Meatless Monday: Spring Into Spinach 'n' Rice

It is precisely at this time of year when we all could use a burst of green -- both on the front lawn and on our dinner plates. At long last, Mother Nature has opened the gates of spring, but we all know from experience that the early weeks of the new season can be downright moody, with one foot breaking ground in the vegetable garden while the other is still in need of woolies.

(Kim O'Donnel)

Before the farm market debut of asparagus, which most home cooks associate with spring, there’s a parade of greens -- watercress, nettles, Russian baby kale, and maybe the first bit of spinach, depending on where you live. The days are longer, but the nights are still plenty cool, which heartier greens enjoy.

Here at the Casa, I’m still on the prowl for supper mains to warm the belly as I incorporate flecks of green and other harbingers of spring. Thanks to “The Greek Vegetarian” by Greek cooking all-star Diane Kochilas, I’m all set while I ride out the seasonal transition. Her version for the Greek classic spanakorizo (spinach and rice pilaf) is just the thing for this time of year -- bright and full of promise yet hearty enough for those cool eves. I liken it to a Greek risotto, creamy and starchy but without the constant stirring of its Italian counterpart.

Start to finish, you need just about an hour; it's about 45 minutes with a cooking partner. There is nothing complicated about this dish, and as you’ll see in my recipe notes, it’s quite forgiving, allowing for a fair amount of substitutions and adjustments. Best of all, the flavors are bright as a daffodil, a reminder that we’ll be eating outdoors in no time.

Spinach and Rice Pilaf (Spanakorizo)
Adapted from “The Greek Vegetarian” by Diane Kochilas

½ cup olive oil (KOD: You may not need all of this)
2 large red onions, finely chopped (KOD: I used what I had on hand, a mix of yellow and red onions)
2 garlic cloves, peeled and chopped
1 cup basmati rice (KOD: I substituted jasmine rice)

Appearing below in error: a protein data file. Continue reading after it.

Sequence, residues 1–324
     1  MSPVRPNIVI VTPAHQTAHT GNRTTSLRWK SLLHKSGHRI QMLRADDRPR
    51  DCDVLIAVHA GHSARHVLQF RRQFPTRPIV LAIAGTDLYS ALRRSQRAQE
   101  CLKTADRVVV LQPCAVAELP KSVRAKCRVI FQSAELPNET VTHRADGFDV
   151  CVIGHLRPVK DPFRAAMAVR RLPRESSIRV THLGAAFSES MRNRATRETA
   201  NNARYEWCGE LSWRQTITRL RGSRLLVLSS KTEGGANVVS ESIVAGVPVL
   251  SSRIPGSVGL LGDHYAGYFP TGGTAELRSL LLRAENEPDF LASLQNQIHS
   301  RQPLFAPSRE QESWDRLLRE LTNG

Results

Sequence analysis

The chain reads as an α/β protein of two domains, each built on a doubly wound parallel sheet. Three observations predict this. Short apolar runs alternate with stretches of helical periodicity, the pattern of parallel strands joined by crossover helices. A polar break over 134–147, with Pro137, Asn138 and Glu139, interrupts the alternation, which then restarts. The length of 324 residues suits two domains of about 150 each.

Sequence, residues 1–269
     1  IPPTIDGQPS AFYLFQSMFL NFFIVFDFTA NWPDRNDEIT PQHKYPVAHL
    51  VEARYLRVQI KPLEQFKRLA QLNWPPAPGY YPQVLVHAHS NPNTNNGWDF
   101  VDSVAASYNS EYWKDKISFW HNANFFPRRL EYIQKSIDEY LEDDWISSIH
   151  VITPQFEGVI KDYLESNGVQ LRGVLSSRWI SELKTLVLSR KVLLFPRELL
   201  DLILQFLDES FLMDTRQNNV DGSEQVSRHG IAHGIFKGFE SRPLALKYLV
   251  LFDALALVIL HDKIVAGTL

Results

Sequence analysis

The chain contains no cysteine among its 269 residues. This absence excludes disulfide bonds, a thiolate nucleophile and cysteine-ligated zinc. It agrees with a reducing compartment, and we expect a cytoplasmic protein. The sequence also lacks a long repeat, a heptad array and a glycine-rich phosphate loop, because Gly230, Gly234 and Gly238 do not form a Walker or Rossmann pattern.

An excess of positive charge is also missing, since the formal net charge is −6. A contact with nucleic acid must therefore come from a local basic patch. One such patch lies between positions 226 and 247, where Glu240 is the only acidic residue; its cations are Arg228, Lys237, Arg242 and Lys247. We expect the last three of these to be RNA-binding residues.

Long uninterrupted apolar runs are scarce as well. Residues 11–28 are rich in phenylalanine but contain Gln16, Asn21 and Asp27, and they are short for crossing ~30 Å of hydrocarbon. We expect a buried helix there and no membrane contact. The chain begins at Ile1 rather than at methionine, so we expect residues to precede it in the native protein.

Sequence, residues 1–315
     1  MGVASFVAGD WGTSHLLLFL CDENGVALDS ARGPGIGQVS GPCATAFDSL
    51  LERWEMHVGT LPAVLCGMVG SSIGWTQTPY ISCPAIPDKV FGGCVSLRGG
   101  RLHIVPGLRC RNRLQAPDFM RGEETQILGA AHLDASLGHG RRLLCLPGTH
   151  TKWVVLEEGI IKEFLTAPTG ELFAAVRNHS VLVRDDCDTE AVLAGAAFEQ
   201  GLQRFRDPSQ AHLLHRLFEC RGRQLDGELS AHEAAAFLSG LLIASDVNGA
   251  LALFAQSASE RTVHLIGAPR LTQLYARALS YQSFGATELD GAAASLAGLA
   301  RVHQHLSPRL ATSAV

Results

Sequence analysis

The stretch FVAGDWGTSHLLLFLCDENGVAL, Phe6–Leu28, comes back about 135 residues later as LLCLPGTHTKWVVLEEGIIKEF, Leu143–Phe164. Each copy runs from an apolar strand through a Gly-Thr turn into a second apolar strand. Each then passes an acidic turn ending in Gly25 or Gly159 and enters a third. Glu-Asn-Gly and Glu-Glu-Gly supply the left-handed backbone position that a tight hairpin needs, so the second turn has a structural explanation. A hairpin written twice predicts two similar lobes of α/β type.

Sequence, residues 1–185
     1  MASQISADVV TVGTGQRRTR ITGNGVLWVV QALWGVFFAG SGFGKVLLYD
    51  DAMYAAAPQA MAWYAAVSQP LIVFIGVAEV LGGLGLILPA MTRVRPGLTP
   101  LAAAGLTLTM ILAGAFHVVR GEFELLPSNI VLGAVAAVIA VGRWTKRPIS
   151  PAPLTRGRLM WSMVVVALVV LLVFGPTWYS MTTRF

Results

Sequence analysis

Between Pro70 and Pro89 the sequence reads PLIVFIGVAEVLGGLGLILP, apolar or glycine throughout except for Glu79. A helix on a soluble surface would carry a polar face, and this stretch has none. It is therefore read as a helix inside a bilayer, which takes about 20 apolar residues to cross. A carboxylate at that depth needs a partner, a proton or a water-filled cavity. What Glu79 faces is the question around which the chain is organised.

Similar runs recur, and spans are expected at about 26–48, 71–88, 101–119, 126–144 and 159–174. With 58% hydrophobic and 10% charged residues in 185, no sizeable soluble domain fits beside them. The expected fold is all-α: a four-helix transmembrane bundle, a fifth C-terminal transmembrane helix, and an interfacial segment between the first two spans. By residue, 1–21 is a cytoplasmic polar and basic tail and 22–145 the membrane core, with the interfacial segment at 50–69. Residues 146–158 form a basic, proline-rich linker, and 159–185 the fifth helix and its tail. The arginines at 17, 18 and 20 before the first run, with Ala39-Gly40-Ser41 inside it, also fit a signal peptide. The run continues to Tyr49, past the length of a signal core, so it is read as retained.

1 pound fresh spinach, trimmed and coarsely chopped (about 8 cups)
Salt and black pepper to taste
1 cup chopped fresh dill
Pinch of freshly grated nutmeg
Strained juice of 1 lemon
¼ pound hard feta (KOD: If you can't something on the hard side, don't fret.)

In a large casserole or stew pot, heat ¼ cup of olive oil and cook onions and garlic over medium-low heat for 10-12 minutes, until onions are soft and wilted. Do not brown. Add rice and stir, 1-2 minutes.

Add spinach in batches of about 2 cups, tossing (and coating) after each addition, waiting a few minutes for each batch to wilt and shrink a little so that it all fits in the pot. Season with salt.

Add 1 cup of water. Cover and simmer for 40 minutes (KOD: For me, it was closer to 30 minutes), stirring occasionally, adding more water if necessary to keep mixture moist. Add dill and nutmeg and continue to cook for another 20 minutes (KOD: maybe even less time), or until all the liquid has been absorbed and the spinach-rice pilaf is smooth and creamy. Adjust seasoning with salt and pepper, the add lemon juice and remaining olive oil (KOD: I used only a portion).

Spread spanakorizo on a platter. Using a vegetable peeler, shave feta on top. (KOD: I used a small box grater) Serve either warm or at room temperature.

Makes four servings.

By Kim ODonnel |  March 30, 2009; 7:28 AM ET Meatless Monday